Home / Counter-Extremism / Naturally Extremist Disasters: The Threat of Poor Response to Natural Disasters

Naturally Extremist Disasters: The Threat of Poor Response to Natural Disasters

Katie Miller

14 January, 2019

Since 1970 the number of natural disasters across the world has more than quadrupled[1], causing increasing risk of destruction and consequent human suffering. According to the New England Journal of Medicine, since 1990, natural disasters have affected roughly 217 million people annually[i]. The economic costs of such disasters are great and often result in slow economic growth for decades, the burden of this often being borne by the least affluent. However, for countries or regions with pre-existing political instability, social vulnerabilities, and radical group activity, the cost of reconstruction is only one of many potential problems which will need to be rectified.

Depending on the scale and impact of the natural disaster, authorities in affected locations are likely to be overwhelmed with the burden of recovery. In most cases, this process will involve the reconstruction of homes, businesses, crops and critical infrastructure. In such events, the shortcomings of the local authorities in the provision of aid can be relieved by groups with involvement in terrorist or other extremist activity. In providing relief, these organisations can directly benefit from the political discontent that exists and use this to gather support or even recruit members. On occasions in which villages feel abandoned by the international community and their own government, this vulnerability may become increasingly common.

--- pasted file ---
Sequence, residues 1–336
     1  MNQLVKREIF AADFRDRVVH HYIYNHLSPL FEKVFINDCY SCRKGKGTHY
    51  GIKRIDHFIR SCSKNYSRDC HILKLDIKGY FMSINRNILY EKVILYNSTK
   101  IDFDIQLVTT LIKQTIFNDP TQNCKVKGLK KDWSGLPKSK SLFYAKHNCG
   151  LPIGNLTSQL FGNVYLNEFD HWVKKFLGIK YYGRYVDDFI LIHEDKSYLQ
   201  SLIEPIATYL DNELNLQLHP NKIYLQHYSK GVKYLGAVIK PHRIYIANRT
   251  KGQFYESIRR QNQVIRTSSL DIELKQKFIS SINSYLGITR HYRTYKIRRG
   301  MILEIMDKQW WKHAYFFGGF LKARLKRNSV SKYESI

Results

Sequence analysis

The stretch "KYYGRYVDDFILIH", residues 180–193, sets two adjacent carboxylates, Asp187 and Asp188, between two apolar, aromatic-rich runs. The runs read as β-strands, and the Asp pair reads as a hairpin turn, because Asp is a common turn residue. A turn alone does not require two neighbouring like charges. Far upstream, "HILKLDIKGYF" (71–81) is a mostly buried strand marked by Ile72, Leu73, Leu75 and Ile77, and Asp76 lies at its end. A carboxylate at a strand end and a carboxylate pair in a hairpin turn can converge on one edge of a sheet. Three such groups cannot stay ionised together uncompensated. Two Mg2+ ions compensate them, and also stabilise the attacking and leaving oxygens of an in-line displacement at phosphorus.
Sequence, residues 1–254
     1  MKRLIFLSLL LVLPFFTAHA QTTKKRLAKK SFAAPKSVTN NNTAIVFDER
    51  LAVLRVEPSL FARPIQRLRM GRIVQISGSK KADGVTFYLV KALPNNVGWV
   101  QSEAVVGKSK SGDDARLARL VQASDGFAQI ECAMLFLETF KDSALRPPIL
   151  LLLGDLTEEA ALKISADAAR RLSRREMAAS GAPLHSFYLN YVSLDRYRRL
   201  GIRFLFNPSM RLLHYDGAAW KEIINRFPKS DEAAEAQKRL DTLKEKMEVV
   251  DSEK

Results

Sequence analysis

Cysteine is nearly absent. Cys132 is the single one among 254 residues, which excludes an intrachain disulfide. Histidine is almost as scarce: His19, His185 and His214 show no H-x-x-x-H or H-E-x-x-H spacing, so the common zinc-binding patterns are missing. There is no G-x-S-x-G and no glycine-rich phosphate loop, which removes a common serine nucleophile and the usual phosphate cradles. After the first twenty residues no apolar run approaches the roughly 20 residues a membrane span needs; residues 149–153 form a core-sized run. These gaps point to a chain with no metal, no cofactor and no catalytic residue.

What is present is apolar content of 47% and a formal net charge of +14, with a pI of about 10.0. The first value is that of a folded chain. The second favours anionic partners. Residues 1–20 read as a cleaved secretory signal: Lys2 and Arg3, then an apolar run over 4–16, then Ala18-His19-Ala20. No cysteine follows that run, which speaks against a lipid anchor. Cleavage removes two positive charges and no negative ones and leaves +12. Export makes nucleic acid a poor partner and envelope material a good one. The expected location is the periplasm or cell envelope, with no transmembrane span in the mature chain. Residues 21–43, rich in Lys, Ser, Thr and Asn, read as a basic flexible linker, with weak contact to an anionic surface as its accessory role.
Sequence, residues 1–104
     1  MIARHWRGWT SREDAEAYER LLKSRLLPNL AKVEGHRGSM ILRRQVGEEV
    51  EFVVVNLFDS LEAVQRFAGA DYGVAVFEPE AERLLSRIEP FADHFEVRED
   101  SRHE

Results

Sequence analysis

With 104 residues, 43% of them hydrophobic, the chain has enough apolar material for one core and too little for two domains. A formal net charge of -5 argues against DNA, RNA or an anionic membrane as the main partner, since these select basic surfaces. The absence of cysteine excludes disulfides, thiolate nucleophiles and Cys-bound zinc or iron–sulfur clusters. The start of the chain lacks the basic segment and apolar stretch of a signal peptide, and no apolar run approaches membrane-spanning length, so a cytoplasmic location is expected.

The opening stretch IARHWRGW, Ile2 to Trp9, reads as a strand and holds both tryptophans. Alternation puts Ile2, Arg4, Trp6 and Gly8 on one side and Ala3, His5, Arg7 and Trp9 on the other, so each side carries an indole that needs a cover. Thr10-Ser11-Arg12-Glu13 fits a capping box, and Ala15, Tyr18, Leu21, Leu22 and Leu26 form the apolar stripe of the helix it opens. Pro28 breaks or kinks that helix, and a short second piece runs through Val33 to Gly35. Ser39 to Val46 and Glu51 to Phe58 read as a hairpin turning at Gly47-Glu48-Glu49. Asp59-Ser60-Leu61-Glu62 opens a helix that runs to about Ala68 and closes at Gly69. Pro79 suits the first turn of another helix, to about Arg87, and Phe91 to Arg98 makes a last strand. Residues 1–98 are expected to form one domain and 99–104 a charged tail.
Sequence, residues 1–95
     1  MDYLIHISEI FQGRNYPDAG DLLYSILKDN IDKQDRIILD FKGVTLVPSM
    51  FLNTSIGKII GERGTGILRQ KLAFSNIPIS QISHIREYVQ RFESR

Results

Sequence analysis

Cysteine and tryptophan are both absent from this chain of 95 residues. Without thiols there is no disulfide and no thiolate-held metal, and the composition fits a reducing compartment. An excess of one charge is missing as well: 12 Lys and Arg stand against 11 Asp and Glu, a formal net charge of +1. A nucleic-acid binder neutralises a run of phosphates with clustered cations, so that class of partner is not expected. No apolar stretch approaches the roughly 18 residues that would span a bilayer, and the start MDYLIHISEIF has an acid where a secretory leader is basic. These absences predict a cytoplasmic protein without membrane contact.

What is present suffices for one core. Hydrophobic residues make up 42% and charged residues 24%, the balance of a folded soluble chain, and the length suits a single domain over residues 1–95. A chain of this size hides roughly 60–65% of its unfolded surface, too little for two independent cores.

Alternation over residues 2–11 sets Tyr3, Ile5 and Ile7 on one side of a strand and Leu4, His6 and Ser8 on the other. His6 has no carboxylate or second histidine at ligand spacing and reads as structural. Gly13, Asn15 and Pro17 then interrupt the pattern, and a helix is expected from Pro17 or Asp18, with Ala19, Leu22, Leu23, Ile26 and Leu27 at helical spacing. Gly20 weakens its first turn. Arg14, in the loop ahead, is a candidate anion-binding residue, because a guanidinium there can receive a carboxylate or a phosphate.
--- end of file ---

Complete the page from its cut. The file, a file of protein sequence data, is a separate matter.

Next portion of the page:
An illustration of this came in the aftermath of the 2010 Pakistan floods in which a minimum of 10 million citizens were thought to have been displaced or otherwise affected[2]. Homes and entire villages were consumed by the rising water levels, causing commercial and residential damage across swathes of the country. Despite the scale of the destruction, in the north-west region of the country the presence of the international community and local government was sparsely felt. Overwhelmed by the extent of the flooding, Jamaat-ud-Dawa – a radical Islamist group said to be a front for Lashkar-e-Taiba, the group responsible for the 2008 terrorist attacks in Mumbai – provided support to the affected communities[3]. They claimed to have over 2000 members working in the affected regions for the provision of food, shelter, spiritual assistance and medical care.